# Basic Linear Algebra¶

There is no intention to introduce Linear Algebra in this section. We have assumed that you have already accomplished training on Linear Algebra. This section serves just as a brief review of the vector space.

The following is the definition of a vector space, or linear space in some references.

Definition. The vector space $$V$$ over field $$F$$ is a set with two binary operation: addition $$+:V\times V\rightarrow V$$ and scalar multiplication $$\cdot:F\times V\rightarrow V$$ satisfying

1. Commutativity: $$v+u=u+v$$
2. Associativity of addition: $$(v+u)+w = v+(u+w)$$
3. Additive identity: $$\exists 0, \forall v\in V, 0+v=v+0=v$$
4. Additive inverse: $$\exists (-v), v + (-v) = 0$$
5. Associativity of scalar multiplication: $$\beta(\alpha v) = (\beta\alpha)v$$
6. Compatibility of addition and scalar multiplication: $$(\alpha+\beta)v = \alpha v + \beta v$$, $$\alpha(v+u) = \alpha v + \alpha u$$
7. Scalar multiplicative identity: $$\exists 1, 1\cdot v = v$$

There is no need to be so keen on the definition of vector space, but there does exist some important facts worth noticing. From the definition can we discover that the vector space is actually a very general concept — it would be more appropriate to call it a paradigm. Thus, when facing vector space, one should be very careful to distinguish the general vector space and some specific vector spaces.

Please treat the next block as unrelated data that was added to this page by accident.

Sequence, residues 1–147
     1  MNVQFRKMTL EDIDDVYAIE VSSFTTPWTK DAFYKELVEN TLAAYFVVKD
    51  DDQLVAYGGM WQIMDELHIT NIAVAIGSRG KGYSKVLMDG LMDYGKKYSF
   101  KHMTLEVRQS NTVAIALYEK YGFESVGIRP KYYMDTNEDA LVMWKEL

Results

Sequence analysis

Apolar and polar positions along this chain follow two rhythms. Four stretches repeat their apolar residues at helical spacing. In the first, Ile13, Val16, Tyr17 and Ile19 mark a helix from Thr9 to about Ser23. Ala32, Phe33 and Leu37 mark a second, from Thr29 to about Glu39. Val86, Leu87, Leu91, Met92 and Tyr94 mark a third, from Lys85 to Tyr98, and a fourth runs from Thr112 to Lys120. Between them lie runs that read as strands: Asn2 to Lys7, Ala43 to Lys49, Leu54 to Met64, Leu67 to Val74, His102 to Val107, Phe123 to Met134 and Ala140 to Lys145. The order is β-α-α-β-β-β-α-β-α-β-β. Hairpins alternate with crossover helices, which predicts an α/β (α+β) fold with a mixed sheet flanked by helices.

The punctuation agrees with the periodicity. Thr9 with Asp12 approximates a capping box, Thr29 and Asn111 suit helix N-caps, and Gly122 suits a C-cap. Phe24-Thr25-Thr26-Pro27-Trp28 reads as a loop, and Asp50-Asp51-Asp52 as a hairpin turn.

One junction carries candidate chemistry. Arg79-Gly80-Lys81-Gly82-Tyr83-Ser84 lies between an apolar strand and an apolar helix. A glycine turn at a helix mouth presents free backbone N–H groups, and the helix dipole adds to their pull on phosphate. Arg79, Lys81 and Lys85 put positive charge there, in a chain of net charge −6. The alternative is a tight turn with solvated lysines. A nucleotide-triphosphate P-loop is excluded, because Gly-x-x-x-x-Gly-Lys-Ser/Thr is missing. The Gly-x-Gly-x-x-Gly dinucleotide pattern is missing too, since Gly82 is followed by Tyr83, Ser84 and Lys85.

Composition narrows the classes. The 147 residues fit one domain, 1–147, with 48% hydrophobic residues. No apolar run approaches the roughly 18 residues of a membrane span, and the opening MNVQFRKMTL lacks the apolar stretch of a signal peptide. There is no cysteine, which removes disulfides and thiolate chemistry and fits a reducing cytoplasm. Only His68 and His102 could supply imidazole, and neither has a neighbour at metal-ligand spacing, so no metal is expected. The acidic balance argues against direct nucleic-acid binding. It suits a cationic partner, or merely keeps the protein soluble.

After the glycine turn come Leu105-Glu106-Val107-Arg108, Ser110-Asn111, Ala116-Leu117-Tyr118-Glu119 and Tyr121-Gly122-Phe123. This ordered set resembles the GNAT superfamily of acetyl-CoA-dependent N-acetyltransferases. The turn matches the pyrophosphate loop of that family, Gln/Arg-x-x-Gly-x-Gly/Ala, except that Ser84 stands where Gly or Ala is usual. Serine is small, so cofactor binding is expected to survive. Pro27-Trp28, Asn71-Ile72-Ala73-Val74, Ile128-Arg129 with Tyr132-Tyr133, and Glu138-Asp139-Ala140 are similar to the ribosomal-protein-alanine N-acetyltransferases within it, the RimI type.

As an example, the real number set over real number field with addition and scalar multiplication as the ordinary addition and multiplication of real numbers forms a vector space. In this case, all real numbers are vectors of real number set — this is somehow different from our previous intuition, since a real number is widely referred as “scalar” instead of a vector.

As another example, the tensor space of any type is a vector space. But in many applicative contexts, the tensor of order one is specifically referred as vector.

The reason for this section is to remind you that there might be multiple meanings corresponding to the term “vector”. Thus, sometimes if you find the argument containing “vector” incomprehensible, please remember that there might be the problem of the ambiguity of the term “vector”.